More than just a drink
Who is ready for a history lesson? OK, here’s a brief history of … you ready? Kool-Aid. It was developed by a chemist named Edwin Perkins who liked to make homemade concoctions in his mother’s kitchen as a child. Don’t you know she was about ready to pull her hair out some days! Don’t you know she was equally glad she let him do it later on!
Anyway, Edwin later invented a liquid concentrate called Fruit Smack. It was a big hit; however, shipping was a problem. So in 1927 Edwin developed a way to make it into a powder that today we know as Kool-Aid. There’s more to it, but that’s the general idea.
The reason I wanted to share that tidbit of information with you was because I had a friend share with me the idea of making jelly from Kool-Aid. I had no idea you could do that! I haven’t tried it yet, but I can’t wait. I just had to share the idea and the recipe with you. So thank you PC for the idea! Here’s the recipe:
1 package Kool-Aid, any flavor (no sugar added)
1 package Sure-Jell
3 cups granulated sugar
3 cups water
Mix water, Sure-Jell and Kool-Aid together. Bring to a boil, stirring constantly. Stir in sugar. Stir and bring to a full rolling boil that cannot be stirred down. Boil for 1 minute, stirring constantly. Remove from heat. Quickly skim off foam with a large metal spoon. Pour into jelly glasses and seal.
After this recipe, I became curious. Yeah, I know. It killed the cat. Nevertheless, I became curious as to how many other recipes for Kool-Aid there were. There’s a bunch! No kidding! I found them at the website Cooks.com. There’s the Kool-Aid punch, Kool-Gelatin popsicles, cookies, ice cream, pie, sherbet, Play Dough, and that’s just to name a few.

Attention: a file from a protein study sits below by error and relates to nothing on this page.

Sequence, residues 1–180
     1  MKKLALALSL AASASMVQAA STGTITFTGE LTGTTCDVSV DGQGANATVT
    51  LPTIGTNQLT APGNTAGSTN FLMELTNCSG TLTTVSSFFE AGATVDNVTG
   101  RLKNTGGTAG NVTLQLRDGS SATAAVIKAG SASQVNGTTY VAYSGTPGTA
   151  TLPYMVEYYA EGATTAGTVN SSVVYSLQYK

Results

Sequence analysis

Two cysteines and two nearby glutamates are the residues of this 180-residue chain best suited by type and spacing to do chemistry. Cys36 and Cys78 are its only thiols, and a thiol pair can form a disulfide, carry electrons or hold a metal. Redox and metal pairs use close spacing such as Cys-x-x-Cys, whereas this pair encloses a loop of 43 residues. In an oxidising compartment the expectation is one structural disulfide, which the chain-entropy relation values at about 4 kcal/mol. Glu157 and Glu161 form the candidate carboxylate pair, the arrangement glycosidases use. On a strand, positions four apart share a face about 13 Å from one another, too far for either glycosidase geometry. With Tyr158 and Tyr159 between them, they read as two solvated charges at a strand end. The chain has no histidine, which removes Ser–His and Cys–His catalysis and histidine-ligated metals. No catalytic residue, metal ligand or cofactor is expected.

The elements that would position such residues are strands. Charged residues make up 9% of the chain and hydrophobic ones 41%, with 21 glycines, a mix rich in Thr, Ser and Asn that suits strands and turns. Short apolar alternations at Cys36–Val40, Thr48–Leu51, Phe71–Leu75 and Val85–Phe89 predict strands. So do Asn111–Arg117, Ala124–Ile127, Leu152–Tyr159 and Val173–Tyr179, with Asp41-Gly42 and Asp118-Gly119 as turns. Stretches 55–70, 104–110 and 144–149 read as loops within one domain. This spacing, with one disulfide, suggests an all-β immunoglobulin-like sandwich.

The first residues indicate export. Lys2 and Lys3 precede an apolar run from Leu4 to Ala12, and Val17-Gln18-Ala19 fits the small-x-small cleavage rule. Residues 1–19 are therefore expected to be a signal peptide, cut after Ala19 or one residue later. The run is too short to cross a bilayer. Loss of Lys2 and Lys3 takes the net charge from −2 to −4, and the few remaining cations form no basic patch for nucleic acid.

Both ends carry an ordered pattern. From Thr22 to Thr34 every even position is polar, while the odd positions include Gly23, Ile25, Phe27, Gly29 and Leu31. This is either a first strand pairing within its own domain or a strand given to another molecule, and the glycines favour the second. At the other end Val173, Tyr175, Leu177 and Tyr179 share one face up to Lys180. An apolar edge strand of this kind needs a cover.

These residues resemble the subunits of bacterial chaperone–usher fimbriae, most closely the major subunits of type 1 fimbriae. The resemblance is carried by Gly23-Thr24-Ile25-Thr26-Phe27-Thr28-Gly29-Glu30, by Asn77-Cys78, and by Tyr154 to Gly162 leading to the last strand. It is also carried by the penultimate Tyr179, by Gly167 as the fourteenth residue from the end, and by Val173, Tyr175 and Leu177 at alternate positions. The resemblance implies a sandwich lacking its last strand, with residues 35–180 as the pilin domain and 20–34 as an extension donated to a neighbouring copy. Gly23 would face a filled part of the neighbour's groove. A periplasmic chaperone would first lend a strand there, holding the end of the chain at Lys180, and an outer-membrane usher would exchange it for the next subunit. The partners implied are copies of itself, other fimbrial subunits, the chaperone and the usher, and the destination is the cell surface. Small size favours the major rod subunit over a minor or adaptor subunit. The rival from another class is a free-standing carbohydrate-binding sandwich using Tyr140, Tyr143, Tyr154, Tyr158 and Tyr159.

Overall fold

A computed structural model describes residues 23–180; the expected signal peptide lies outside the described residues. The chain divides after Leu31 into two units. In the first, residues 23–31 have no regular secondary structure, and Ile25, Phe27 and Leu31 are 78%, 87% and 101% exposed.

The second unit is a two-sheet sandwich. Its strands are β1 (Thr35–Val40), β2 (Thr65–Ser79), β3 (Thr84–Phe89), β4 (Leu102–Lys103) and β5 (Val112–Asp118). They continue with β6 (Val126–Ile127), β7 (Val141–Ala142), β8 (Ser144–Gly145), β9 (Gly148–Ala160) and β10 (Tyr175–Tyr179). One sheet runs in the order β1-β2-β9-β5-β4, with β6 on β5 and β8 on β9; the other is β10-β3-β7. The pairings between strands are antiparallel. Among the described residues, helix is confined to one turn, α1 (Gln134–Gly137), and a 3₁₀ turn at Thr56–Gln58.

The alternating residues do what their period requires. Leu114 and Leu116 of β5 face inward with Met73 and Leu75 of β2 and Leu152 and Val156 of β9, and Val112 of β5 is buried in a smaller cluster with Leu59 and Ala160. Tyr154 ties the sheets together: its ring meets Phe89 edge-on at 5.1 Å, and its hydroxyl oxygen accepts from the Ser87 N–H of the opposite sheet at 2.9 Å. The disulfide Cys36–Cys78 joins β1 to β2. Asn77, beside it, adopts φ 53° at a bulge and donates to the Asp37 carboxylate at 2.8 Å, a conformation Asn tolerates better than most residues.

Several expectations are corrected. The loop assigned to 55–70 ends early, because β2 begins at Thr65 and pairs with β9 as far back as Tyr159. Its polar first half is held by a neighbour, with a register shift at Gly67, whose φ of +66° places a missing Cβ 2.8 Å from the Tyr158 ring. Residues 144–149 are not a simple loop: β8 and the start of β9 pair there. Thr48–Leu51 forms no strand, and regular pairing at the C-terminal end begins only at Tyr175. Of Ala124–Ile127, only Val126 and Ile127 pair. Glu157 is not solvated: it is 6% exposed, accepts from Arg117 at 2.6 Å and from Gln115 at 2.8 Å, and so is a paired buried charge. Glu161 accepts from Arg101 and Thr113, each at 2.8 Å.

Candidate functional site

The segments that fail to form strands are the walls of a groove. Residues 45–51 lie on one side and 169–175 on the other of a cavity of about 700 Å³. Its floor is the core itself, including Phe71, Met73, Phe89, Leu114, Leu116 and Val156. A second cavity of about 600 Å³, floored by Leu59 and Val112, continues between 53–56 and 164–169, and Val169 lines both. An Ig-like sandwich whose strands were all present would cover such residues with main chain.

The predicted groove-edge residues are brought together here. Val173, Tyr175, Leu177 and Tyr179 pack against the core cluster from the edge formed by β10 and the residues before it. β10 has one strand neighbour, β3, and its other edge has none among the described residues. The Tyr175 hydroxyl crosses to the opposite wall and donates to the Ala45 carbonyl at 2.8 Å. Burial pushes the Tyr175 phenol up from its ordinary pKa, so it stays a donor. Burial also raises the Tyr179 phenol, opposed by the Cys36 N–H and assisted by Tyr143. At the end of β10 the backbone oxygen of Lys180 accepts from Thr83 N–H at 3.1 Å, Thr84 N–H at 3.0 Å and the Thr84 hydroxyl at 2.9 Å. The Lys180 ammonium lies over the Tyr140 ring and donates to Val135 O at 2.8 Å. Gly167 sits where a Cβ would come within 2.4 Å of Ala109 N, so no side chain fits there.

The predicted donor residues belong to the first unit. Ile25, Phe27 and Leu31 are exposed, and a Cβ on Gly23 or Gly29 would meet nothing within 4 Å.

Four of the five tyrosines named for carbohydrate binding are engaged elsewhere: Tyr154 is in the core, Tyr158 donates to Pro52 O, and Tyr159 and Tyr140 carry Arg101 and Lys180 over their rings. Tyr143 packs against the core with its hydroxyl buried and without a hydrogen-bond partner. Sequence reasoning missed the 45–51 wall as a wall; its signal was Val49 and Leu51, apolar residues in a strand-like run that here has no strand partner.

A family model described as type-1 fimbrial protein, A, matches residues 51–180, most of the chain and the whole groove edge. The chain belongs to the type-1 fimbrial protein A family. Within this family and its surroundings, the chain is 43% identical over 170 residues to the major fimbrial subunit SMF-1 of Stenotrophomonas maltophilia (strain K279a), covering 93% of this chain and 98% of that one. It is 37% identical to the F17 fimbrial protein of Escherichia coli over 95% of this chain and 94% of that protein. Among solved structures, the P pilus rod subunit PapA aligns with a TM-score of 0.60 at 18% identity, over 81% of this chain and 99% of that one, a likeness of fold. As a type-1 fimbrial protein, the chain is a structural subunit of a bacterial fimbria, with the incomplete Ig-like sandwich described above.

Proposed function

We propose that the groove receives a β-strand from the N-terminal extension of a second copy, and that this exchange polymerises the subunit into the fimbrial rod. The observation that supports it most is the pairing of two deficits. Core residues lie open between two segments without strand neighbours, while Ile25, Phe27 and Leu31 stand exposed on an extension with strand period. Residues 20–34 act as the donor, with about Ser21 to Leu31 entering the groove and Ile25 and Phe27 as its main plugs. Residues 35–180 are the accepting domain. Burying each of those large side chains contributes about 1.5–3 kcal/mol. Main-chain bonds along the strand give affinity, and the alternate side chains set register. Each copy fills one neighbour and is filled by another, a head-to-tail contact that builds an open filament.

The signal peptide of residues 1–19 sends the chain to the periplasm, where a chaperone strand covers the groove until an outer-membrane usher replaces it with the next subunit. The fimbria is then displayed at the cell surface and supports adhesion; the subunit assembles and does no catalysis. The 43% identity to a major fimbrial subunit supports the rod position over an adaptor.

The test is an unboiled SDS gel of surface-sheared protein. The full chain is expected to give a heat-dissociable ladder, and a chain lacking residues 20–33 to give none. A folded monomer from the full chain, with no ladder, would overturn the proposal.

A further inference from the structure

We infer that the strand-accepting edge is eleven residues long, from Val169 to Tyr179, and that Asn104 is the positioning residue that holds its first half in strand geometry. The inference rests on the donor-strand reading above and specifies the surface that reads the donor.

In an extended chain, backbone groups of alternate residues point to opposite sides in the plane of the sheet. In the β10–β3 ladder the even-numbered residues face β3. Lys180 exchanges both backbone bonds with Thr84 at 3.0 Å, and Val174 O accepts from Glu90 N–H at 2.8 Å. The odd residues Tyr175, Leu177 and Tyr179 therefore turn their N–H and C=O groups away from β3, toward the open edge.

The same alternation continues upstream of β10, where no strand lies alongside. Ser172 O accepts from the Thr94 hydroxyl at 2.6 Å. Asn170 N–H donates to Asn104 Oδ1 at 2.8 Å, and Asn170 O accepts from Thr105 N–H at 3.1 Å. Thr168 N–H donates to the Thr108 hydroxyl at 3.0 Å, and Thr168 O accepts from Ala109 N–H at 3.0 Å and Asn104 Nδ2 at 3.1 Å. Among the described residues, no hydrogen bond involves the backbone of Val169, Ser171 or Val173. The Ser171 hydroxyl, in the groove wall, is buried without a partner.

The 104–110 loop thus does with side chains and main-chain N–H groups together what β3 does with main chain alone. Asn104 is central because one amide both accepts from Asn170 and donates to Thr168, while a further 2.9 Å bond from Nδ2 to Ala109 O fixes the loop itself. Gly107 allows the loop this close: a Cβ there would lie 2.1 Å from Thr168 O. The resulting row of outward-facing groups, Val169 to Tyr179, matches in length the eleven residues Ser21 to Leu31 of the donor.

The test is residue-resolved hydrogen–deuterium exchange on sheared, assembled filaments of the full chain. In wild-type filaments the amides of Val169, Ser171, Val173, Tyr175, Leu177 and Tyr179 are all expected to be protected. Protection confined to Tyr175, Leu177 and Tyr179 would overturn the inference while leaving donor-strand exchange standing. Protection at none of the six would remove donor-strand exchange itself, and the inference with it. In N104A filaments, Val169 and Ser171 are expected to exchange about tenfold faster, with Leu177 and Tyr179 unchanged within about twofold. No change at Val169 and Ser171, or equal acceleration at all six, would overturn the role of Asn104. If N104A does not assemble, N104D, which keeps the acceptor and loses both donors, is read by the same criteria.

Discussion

I can’t possibly share all of them with you, but I wanted to share the jelly and the Popsicles.
1 small box gelatin
1 envelope unsweetened Kool-Aid
1 cup granulated sugar
2 cups boiling water
2 cups cold water
Mix first three ingredients. Dissolve in boiling water. Add cold water and pour into Popsicle molds. Freeze.
Makes 16 to 18 average size popsicles. If you don’t have popsicle molds, which I don’t, you can use small bathroom cups. I’ve found the three-ounce cups to be a great size. I’ve also found that small plastic spoons work well for the “stick.”
I usually set the cups in a cake pan to keep them from spilling until they have frozen then I can just store them in on the door of the freezer for easy access.
Apparently Kool-Aid also has a multitude of other uses like tie-dyeing clothes and according to one of my daughter’s friends. . .dying her hair. Ummm, I’m not recommending that one by the way.